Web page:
Olivier Laurent: Going back to the blurring of the Arab Spring revolutions and how this became one single narrative for you, did this have an impact on how you covered the news? Did your vision or approach shift over these past five years?
Moises Saman: Not at first, the pace was too hectic, and the reactive nature of covering the news on assignment did not allow for much introspection. However, with time it became evident to me that, at a visual level, the facts alone did not grasp the complexity and implications of this historic transformation. During my five-year engagement with the region it became impossible not to question the simple narratives of good vs evil, after seeing first hand how easily the roles of victim and perpetrator can change. It was precisely in this shifting landscape where i found my focus, and where I was able to project my own questions and insecurities.
Olivier Laurent: Did you approach traditional book publishers with this book?
Moises Saman: By the time I started approaching publishers I had a dummy that I felt was final, or pretty close to the book I wanted to make. Throughout the process I was in advanced conversations with a couple of publishers, but we always reached a point where compromises had to be made, in terms of the format, the cover, what type of paper to print on, and where to print the book. In the end I decided that I did not want to compromise, in order to have full control over the end product.
Olivier Laurent: Who did you work with to edit this? What kind of collaboration were you looking for?
Moises Saman: I collaborated with my friend, Daria. She is an integral part of the final editing and sequencing of the book. Her background as an artist was particularly helpful when we were putting together the non-linear narrative that sometimes went against my immediate and straight-forward journalistic instinct. Daria also created the collages in the book, which emerged from our dissatisfaction in portraying the protesters simply as the subjects of an action image, instead we became obsessed with their body language, the theatrics, and performance-like rituals that I saw repeated during the countless demonstrations and clashes that I photographed.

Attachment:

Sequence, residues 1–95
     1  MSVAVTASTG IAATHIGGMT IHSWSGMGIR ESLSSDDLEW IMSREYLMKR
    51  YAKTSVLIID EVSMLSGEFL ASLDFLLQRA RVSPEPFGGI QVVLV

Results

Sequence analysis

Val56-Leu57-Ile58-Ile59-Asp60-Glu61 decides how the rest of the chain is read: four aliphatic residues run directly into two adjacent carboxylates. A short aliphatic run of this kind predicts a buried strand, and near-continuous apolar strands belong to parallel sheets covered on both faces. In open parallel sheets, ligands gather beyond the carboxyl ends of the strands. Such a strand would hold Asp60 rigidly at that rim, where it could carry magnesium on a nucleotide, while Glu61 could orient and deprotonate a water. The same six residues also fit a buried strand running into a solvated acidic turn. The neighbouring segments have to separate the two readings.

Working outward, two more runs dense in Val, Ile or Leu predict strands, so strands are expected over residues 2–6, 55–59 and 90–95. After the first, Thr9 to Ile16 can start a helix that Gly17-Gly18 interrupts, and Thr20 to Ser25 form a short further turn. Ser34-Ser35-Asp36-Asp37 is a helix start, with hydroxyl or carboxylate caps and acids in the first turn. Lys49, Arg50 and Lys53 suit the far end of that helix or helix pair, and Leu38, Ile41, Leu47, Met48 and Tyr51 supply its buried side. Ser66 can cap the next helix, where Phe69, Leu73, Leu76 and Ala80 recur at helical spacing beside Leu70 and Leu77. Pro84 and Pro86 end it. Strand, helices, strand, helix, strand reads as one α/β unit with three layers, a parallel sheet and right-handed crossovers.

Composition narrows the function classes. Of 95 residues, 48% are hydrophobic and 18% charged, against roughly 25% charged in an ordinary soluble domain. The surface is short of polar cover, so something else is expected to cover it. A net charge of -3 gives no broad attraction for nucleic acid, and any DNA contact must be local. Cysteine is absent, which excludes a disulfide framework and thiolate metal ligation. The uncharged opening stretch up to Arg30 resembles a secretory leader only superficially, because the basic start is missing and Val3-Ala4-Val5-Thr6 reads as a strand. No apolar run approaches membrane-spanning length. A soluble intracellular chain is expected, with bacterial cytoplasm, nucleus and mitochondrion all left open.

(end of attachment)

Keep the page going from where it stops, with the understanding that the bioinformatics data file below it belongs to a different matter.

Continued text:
Olivier Laurent: You self-published this book. Which means that you have to act as author, designer, publisher, marketer, distributor. Was this a daunting task?
Moises Saman: I had some help with the design, and I am working a couple of assistants that help me with the distribution in the United States and in Europe, but yes, self-publishing can be an overwhelming endeavor. I find that the hardest part is marketing the book, although I am grateful for the kind reviews that the book has had so far, which helps in ultimately selling the book.
Discordia by Moises Saman is available now.